Kevin Walters of Lincoln, Illinois, has dealt with multiple health issues over the last 17 years, but it was sleep apnea that took away his day-to-day living.
Kevin has a genetic connective tissue disorder and other complex health issues that resulted in six brain surgeries and a mitral valve replacement at Cleveland Clinic, an experience he describes as “incredible.”
However, sleep apnea caused his breathing to stop hundreds of times during the night, decreasing the amount of oxygen to his brain and creating additional stress to the rest of his body.
“It was really bad,” he says. “I believed it was the result of my condition and surgeries. I lived with it for many years.”
Kevin went to medical centers in Chicago and New York, but no one could resolve his apnea episodes, which were taking place more than 60 times per hour of sleep (30 and greater is considered “severe”).
His weight dropped from 130 to 88 pounds. Travel became laborious and at one point he was awake 117 hours straight.
“I couldn’t walk a half mile,” he says. “I thought it was just something I’d always have to live with.”
“Sleep apnea can have a tremendously negative impact on health and quality of life,” says Nancy Foldvary-Schaefer, DO, MS, Director of the Sleep Disorders Center at Cleveland Clinic.
“Cleveland Clinic was wonderful. The heart surgeons saved my life, but Dr. Foldvary-Schaefer gave me my life back.”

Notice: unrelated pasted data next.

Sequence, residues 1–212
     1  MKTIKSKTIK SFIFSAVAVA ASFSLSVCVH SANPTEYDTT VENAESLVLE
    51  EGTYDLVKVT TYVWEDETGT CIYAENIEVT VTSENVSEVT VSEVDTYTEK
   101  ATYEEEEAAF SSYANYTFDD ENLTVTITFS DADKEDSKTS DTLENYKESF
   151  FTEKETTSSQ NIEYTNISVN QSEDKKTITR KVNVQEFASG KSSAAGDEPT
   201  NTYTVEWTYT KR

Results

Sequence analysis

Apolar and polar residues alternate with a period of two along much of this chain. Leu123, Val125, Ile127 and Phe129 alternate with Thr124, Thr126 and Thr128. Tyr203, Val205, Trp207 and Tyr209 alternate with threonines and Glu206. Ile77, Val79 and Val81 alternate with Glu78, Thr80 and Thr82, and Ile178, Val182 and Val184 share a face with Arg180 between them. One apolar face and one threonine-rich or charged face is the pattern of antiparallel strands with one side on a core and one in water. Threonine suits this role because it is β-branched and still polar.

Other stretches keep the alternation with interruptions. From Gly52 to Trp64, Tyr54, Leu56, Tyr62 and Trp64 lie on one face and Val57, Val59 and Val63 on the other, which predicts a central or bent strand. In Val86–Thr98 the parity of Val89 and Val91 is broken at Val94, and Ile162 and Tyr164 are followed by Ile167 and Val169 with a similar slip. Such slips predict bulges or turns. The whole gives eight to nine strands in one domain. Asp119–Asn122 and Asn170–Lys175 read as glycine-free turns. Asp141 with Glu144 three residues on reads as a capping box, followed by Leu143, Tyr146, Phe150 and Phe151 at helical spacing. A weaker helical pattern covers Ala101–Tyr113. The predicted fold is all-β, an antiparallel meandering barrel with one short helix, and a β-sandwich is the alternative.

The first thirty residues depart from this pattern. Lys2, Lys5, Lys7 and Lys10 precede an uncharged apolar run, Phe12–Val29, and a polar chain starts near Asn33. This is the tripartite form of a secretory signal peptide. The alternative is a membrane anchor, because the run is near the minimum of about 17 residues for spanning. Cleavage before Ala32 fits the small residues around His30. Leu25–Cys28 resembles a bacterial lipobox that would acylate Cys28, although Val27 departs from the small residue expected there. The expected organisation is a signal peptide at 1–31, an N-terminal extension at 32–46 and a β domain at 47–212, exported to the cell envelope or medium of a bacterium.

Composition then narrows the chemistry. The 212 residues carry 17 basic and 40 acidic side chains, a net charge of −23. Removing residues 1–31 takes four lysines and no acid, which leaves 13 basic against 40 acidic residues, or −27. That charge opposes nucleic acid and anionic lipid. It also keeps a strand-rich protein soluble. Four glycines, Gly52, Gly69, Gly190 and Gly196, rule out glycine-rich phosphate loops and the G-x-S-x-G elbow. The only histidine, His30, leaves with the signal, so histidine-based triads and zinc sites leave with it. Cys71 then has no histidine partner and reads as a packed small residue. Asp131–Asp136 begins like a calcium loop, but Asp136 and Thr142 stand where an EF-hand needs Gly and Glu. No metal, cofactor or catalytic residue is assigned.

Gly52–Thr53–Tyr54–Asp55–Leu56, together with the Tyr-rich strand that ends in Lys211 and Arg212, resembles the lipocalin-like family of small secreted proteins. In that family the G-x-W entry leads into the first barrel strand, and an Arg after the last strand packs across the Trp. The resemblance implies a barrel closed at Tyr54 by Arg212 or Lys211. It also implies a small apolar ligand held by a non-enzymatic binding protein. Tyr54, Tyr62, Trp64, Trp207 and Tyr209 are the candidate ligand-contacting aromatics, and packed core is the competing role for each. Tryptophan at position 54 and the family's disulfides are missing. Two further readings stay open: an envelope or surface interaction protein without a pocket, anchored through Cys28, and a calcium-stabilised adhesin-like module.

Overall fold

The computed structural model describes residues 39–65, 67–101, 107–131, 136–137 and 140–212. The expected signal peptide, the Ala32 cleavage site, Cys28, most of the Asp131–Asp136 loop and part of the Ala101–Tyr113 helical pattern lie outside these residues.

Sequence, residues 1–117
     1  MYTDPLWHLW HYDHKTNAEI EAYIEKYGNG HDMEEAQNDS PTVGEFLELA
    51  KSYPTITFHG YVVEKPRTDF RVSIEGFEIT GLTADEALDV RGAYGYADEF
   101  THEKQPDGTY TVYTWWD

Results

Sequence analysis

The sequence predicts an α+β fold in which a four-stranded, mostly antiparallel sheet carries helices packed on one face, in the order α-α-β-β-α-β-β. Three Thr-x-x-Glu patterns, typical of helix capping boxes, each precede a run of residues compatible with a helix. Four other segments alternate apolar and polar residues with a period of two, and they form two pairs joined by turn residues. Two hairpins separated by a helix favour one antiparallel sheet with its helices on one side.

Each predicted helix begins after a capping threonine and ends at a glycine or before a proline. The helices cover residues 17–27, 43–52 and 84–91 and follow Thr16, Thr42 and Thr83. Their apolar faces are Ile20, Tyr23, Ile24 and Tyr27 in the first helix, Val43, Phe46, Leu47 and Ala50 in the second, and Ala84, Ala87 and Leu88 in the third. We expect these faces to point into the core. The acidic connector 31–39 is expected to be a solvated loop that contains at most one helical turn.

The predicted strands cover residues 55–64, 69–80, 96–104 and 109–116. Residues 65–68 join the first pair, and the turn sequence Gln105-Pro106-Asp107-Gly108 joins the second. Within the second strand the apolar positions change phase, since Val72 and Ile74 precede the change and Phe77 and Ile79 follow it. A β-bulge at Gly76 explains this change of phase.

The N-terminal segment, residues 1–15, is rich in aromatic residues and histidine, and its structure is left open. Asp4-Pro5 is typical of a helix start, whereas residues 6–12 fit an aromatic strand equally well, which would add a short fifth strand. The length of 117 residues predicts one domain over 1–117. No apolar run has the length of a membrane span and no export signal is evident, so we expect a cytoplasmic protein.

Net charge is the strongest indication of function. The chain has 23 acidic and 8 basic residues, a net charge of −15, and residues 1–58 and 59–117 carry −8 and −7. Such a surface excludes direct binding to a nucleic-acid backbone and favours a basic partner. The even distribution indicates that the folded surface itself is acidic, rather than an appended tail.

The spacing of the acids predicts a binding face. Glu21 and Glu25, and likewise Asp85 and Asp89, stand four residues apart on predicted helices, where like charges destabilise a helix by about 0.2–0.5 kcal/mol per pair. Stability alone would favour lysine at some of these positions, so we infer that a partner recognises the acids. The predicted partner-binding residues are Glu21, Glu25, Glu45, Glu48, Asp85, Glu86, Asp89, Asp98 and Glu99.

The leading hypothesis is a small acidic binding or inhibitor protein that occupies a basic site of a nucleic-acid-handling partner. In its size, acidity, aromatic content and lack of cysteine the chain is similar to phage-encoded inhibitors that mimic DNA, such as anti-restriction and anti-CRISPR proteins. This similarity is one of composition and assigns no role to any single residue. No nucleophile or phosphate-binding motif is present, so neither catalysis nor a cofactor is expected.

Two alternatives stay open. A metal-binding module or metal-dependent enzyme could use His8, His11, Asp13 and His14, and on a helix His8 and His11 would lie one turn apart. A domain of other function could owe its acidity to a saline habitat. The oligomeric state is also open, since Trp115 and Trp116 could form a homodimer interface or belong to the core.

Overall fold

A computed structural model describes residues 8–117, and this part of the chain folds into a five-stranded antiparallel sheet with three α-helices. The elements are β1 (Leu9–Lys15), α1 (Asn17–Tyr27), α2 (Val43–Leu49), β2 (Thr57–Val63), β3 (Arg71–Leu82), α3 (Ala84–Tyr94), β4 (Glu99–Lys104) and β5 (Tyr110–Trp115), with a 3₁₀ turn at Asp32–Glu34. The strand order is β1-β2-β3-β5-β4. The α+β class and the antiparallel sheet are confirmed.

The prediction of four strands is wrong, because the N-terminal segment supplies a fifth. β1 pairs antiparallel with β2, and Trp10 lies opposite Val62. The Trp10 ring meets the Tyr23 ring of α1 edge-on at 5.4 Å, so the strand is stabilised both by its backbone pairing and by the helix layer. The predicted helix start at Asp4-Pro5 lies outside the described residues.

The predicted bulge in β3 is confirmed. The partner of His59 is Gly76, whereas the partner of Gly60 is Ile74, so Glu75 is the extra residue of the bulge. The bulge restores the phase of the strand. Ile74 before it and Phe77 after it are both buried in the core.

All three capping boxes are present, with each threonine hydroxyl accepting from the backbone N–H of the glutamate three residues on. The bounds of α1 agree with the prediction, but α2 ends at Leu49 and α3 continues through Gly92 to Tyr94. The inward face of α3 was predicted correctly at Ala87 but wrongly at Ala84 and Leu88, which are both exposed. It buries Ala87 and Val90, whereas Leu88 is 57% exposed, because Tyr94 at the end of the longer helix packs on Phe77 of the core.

Like most sleep apnea patients, Kevin was offered a CPAP machine as the first line of treatment. CPAP therapy provides a continuous flow of pressure that stents the airway, preventing airway collapse in sleep and the resultant drops in oxygen and arousals from sleep. Unfortunately, Kevin was unable to tolerate continuous air pressure because of his abnormal craniofacial anatomy, connective tissue disorder and brain disorder, causing him to swallow air that led to abdominal bloating.
“Many patients and healthcare providers stop right there,” says Dr. Foldvary-Schaefer. “But there are so many ways – from oral appliances, devices and surgery -- to go to the next level.” The Sleep Disorders Center has a team of experts to help diagnose and treat complex sleep apnea issues.
Dr. Foldvary-Schaefer determined that an automatic bi-level PAP device, a less commonly used machine for sleep apnea, could be a successful treatment option. The machine lowers pressure when one exhales so that one can breathe out. Kevin was provided the machine and a medication to help him sleep at night.
“I could immediately tell the difference,” he says. “I had forgotten what normal felt like.”
“Treating sleep apnea offers benefits in heart function and metabolism, reducing diabetes, body weight, readmission rate in heart failure, depressive symptoms and daytime sleepiness and fatigue, along with a host of other medical benefits,” says Dr. Foldvary-Schaefer.
Kevin’s cognition and overall health has improved so significantly that he is once again driving, traveling and enjoying family.
‘I missed out on my three girls growing up,” says Kevin of his daughters, who are all in college. “This is the first time I’ve been able to do things with them.”
Kevin advises people in similar situations to never give up. “Be a squeaky wheel,” he says.
“Cleveland Clinic was wonderful. The heart surgeons saved my life, but Dr. Foldvary-Schaefer gave me my life back.”Related Institutes: Neurological Institute